Mason in the News

Posted: July 13, 2007 at 1:00 am, Last Updated: November 30, -0001 at 12:00 am

The following are highlights of national news coverage George Mason recently received.

Friday, July 6, USA Today

Some Say FAA Move Could Hide Midair Collision Risk

“Federal aviation regulators have changed the way they track mistakes that bring planes too close together, a move that some safety experts say could hide risks of midair collisions. Federal Aviation Administration officials say their new system will enhance safety and simplify a cumbersome process for classifying midair incidents. Instead of using a complex formula, the FAA’s new system ranks the severity of such incidents solely on how close planes get. George Donohue, a former FAA official who now teaches at George Mason University in Virginia, says the multiple factors considered in the old system were necessary to understand how controllers made mistakes. ‘It seems to me that they are going in the wrong direction,’ he says.”

Friday, July 6,

Changing Mail Threatens Memories

“Little stacks of romantic letters, tied with ribbon and saved lovingly for years, once consoled the aged and let children and grandchildren look into the lives and thoughts of their ancestors. But letters, thoughtful tokens of concern, love and connectedness are on the wane. So, what of the information preserved in those lovingly kept letters? ‘The disappearance of letters as a source for historians is a huge loss; letters have traditionally been vital to some kinds of historical work, especially political and intellectual history,’ says Roy Rosenzweig of the Center for History and New Media at George Mason University. To some extent they have been replaced by recordings and e-mail, he added. ‘Historians and archivists need to figure out how to preserve e-mail’ and how to sort through the massive collections of e-mail, if they do wind up getting saved.”

Monday, July 9,

What Is Executive Privilege?

“As the battle between the White House and Congress intensifies over the firings of federal prosecutors, President Bush has now employed a new weapon. On Monday, he invoked executive privilege in refusing to allow two former aides to testify. Mark Rozell, an expert on executive privilege at George Mason University, says the privilege is most potent for the most senior aides. ‘There is a stronger presumption in favor of executive privilege in those cases of White House advisers who are very close to the president, part of the inner circle, whose advice is really crucial for the day-to-day operations of the White House,’ Rozell says.”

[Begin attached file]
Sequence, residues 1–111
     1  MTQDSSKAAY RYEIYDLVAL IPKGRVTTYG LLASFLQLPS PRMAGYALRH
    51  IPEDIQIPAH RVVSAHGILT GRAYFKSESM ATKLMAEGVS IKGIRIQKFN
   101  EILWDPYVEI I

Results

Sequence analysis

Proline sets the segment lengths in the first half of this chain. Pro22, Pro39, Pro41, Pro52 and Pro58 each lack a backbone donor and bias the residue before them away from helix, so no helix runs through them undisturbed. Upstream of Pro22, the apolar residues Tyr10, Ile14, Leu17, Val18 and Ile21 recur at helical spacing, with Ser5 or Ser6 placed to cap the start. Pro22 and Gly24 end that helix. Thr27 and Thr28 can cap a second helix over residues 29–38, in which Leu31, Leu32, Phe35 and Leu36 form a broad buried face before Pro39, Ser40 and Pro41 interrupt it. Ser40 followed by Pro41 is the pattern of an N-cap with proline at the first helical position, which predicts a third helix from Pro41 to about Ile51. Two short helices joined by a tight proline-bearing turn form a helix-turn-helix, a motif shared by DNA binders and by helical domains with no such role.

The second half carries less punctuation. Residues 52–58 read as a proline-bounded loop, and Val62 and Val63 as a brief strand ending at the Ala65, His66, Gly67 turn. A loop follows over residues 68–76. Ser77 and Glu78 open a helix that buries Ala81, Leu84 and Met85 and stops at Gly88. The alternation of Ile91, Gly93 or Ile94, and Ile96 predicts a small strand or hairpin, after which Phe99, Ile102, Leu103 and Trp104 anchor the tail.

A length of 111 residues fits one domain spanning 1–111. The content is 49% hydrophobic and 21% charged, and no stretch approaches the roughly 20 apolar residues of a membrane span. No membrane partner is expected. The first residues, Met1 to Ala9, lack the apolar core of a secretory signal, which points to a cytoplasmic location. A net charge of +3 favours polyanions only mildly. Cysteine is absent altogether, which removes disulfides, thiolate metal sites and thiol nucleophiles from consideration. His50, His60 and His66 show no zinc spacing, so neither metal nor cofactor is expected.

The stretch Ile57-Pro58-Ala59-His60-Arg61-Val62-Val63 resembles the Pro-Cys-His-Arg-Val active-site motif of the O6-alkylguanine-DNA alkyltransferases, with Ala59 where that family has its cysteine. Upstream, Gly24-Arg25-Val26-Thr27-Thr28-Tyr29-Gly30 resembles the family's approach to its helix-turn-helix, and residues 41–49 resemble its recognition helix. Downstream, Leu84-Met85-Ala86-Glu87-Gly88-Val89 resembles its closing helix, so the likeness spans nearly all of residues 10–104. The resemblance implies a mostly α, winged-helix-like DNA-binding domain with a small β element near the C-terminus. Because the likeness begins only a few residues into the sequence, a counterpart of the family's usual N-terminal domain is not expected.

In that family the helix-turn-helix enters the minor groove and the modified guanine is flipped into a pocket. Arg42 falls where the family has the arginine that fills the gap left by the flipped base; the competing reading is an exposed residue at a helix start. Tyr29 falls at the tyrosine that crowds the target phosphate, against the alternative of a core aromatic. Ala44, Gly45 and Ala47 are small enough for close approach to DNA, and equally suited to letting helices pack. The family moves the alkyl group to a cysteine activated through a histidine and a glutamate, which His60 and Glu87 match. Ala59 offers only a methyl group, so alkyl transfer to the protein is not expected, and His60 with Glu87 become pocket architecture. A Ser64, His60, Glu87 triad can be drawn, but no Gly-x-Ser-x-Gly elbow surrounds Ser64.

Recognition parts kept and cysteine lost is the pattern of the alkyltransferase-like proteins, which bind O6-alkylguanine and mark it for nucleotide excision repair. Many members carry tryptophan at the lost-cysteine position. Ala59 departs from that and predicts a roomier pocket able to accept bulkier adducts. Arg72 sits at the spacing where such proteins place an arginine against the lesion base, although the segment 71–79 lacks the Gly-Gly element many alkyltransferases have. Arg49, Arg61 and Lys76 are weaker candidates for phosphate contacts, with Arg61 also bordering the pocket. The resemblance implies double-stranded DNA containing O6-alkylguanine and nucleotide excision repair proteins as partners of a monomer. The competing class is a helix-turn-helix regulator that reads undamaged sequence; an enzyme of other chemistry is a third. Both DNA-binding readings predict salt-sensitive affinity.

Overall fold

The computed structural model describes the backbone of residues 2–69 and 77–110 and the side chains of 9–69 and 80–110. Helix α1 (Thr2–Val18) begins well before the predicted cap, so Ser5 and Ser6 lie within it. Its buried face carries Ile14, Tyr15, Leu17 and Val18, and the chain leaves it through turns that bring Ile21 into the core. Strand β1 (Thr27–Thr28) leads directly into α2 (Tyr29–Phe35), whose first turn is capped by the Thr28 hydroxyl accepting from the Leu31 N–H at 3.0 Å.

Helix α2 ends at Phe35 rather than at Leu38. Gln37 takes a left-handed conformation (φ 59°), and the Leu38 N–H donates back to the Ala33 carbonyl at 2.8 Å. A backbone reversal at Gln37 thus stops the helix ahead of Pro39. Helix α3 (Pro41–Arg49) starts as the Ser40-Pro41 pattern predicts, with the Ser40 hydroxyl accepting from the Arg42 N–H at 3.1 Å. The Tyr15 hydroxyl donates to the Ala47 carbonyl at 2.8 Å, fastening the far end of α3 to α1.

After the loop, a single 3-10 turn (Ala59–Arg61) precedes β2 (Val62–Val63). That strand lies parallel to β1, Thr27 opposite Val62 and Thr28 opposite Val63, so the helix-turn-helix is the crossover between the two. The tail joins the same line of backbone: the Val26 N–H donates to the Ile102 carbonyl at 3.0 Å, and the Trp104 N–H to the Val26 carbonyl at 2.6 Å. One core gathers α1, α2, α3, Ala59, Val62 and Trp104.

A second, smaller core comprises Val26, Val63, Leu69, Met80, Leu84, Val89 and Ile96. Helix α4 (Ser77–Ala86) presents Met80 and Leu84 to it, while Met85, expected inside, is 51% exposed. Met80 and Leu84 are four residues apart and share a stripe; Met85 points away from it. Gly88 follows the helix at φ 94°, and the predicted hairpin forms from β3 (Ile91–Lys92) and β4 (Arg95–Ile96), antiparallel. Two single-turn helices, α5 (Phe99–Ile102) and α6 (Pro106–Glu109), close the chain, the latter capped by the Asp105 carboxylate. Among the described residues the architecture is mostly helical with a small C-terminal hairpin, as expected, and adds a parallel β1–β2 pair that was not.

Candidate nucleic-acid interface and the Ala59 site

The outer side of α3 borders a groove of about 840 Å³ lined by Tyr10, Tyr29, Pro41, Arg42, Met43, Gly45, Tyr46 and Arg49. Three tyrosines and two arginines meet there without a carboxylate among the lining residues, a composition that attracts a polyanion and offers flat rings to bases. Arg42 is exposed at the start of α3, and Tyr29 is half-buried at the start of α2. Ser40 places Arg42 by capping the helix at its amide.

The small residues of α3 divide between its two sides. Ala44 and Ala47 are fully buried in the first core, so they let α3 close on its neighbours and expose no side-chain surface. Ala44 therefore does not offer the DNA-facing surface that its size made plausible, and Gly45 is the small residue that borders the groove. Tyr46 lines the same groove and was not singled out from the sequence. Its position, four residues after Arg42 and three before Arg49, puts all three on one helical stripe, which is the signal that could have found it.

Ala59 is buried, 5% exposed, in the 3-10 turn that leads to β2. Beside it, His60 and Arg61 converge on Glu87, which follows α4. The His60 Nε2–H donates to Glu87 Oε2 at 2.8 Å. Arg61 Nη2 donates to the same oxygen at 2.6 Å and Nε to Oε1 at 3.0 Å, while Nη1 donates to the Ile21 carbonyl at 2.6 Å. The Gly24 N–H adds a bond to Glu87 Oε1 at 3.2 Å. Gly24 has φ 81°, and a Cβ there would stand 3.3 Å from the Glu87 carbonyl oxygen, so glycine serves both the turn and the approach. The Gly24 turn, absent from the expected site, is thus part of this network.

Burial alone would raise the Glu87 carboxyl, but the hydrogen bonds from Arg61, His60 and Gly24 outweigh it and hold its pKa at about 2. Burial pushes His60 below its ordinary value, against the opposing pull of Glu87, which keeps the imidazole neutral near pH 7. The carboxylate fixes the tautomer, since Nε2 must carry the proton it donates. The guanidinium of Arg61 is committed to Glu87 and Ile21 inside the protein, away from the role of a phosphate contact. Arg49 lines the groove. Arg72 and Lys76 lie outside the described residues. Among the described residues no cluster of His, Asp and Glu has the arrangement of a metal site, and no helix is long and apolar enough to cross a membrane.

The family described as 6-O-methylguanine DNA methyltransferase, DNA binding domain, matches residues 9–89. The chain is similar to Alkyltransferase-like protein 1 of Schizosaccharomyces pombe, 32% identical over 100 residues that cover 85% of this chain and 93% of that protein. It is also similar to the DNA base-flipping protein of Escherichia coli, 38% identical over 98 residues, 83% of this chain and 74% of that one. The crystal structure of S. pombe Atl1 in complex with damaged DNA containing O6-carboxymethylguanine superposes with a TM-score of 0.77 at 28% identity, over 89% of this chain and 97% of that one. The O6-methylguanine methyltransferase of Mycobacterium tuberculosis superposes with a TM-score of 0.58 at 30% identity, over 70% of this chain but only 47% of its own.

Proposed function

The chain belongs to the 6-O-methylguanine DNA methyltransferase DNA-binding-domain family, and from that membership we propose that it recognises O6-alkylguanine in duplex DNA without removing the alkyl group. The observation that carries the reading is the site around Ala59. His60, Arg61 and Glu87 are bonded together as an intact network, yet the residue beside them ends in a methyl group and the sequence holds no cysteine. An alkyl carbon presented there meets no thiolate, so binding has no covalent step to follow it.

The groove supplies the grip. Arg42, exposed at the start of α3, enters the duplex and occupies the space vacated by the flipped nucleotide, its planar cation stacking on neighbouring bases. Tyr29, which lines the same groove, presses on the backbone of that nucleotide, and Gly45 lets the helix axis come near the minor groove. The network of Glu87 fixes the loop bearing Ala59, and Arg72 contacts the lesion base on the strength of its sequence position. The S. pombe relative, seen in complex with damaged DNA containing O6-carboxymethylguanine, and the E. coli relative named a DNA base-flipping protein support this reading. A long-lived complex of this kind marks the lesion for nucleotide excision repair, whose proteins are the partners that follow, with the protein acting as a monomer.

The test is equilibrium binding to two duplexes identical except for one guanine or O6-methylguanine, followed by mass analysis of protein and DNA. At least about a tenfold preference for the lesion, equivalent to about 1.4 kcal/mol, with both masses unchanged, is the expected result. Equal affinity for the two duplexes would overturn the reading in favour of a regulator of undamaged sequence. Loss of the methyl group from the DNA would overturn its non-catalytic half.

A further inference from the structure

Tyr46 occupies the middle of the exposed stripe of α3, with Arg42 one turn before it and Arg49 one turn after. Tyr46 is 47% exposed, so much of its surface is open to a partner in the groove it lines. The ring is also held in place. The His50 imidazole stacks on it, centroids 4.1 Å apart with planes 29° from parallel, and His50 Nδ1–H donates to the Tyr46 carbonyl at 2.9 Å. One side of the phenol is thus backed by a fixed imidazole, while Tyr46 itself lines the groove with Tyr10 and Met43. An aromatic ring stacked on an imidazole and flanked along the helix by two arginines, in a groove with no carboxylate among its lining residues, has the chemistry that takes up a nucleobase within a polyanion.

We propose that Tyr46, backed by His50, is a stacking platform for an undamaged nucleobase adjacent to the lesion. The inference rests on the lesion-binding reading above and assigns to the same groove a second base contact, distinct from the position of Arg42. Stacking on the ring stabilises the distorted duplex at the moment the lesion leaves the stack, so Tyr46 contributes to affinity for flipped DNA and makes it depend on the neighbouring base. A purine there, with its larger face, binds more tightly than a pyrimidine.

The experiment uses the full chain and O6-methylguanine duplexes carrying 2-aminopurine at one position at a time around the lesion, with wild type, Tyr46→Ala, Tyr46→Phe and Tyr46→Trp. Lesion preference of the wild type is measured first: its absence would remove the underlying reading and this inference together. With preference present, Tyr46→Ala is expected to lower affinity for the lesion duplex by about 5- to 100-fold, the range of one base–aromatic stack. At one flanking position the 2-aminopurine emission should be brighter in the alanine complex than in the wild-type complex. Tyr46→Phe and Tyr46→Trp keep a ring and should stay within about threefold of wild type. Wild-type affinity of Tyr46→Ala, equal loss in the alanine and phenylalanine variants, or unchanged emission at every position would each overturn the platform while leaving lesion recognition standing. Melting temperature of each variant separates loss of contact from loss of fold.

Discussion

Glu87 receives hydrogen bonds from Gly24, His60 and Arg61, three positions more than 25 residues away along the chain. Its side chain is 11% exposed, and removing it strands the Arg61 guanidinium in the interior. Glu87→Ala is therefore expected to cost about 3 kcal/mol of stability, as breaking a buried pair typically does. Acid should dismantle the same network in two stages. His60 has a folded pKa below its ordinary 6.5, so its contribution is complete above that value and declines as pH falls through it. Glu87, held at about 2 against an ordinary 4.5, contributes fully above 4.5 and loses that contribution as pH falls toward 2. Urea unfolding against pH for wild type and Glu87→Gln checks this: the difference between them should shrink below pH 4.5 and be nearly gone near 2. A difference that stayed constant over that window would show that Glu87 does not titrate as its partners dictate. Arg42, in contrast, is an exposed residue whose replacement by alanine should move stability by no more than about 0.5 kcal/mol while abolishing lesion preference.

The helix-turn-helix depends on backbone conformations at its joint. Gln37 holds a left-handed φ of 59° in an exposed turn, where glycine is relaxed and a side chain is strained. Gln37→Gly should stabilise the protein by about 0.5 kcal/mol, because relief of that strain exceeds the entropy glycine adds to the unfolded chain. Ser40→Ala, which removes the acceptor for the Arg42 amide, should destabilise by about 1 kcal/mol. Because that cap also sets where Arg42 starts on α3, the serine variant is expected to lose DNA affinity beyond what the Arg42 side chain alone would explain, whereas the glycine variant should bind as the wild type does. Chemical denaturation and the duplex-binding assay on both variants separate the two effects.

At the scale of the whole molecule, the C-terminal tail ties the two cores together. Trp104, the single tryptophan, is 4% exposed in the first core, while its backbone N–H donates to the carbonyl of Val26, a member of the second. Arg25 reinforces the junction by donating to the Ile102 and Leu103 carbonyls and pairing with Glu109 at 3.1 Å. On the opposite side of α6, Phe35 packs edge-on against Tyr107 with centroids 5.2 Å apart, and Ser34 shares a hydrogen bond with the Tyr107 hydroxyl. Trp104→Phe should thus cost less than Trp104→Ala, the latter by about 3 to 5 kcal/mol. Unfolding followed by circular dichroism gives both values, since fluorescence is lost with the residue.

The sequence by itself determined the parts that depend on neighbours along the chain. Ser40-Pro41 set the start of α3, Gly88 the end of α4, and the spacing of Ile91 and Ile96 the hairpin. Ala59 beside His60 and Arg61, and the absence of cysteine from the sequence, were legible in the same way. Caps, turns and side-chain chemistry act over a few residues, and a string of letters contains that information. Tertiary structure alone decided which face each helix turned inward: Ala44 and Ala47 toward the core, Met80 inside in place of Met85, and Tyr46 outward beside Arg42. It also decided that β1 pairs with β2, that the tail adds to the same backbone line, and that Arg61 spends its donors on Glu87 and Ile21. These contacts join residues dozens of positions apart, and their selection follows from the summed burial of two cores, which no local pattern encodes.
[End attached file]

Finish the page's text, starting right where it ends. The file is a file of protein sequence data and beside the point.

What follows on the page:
Monday, July 9, USA Today

Lawmakers to Work on Shutting Down Guantanamo Facility

“Members of Congress plan to push measures to stop funding for the Guantanamo Bay detention center and grant new legal rights to detainees when Congress returns this week. Though the Bush administration backs closing Guantanamo under certain conditions, some congressional Republicans do not. Rep. Duncan Hunter of California, a candidate for president and the top Republican on the House Armed Services Committee, has called closing Guantanamo ‘misguided’ and ‘dangerous.’ Allowing Guantanamo prisoners to challenge their detentions in court would give them more rights than prisoners of war who ‘play by the rules,’ said Jeremy Rabkin, an international law professor at George Mason University in Arlington, Va. He said it would help many ‘potentially dangerous’ terrorists win their release in American courts ‘not designed to try unlawful combatants.’”

Wednesday, July 11, New York Times

An Ebbing of Coverage with ’08 on the Horizon

“Back when he was riding high in the polls, when his every utterance made headlines and the press planes trailing him around the country were still full, President Bush had little need to indulge reporters with ceremonial pleasantries. But that is what Mr. Bush intends to do Wednesday, when he cuts the ribbon for the renovated White House briefing room. It is the latest sign of how times have changed for a president who now must work to hold the attention of a press corps that often seems to have lost interest in him. Robert Lichter, director of the Center for Media and Public Affairs at George Mason University, analyzed network news broadcasts and found Mr. Bush was featured just 82 times in March and April, down from 151 times during the same period in 2006. Mr. Lichter said he was reminded of President Bill Clinton who, after Republicans took control of Congress in 1995, declared, ‘The president is relevant here.’”

Wednesday, July 11, Washington Post

Pan Am’s Hub Is George Mason

“Charnette Fair has played professional volleyball in Spain, Finland and Turkey, but she never had seen anything like the mini-warehouse of apparel she strolled through yesterday in the student union at George Mason University. The cornucopia of goods laid out in front of her was overwhelming — hats, visors, shirts, shorts, shoes, sandals, pants, jackets, backpacks, duffel bags, all tucked away in stacked-up cardboard boxes, all waiting to be handed out to Fair and the 121 other Team USA members. So it went during team processing for the Pan American Games, which begin Friday in Rio de Janeiro and run through July 29. Since last Thursday, the U.S. team has been stationed at George Mason, the final pit stop for more than 600 athletes and coaches who are converging from 49 states. For two years, USOC representatives scouted out a place to house the team processing center. Nancy Gonsalves, director of international games preparation, said the USOC needed a location out of which its official airline flew directly to Rio de Janeiro. Chicago was the only other option, but Northern Virginia won out because of its proximity to the Brazilian embassy, which would prove useful if visa questions arose.”

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